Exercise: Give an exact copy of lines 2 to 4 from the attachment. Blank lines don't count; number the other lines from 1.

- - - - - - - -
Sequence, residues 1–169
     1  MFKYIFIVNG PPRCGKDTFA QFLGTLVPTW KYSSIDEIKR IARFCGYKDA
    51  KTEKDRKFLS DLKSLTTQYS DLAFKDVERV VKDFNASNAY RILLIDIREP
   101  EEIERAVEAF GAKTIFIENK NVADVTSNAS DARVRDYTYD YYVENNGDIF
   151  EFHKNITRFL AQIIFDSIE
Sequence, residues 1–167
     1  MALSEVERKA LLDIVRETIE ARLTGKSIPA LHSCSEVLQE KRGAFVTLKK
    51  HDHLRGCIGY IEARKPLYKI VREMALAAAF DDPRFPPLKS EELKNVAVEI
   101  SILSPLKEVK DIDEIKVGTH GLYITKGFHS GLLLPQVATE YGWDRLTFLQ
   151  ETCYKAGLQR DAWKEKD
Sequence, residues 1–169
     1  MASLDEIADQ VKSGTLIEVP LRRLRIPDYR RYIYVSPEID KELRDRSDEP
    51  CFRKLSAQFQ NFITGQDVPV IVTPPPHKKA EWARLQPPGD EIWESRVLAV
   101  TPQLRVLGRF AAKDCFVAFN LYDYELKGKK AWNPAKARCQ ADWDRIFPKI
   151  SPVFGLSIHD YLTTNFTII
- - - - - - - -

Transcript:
     1  MFKYIFIVNG PPRCGKDTFA QFLGTLVPTW KYSSIDEIKR IARFCGYKDA
    51  KTEKDRKFLS DLKSLTTQYS DLAFKDVERV VKDFNASNAY RILLIDIREP
   101  EEIERAVEAF GAKTIFIENK NVADVTSNAS DARVRDYTYD YYVENNGDIF